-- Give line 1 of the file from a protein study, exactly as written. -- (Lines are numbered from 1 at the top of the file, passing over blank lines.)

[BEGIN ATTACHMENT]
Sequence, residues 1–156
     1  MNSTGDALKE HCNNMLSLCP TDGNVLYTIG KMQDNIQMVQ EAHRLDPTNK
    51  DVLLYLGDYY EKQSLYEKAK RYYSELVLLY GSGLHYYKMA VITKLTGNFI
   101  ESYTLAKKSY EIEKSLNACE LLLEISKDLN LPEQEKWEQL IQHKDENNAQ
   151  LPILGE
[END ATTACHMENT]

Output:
Sequence, residues 1–156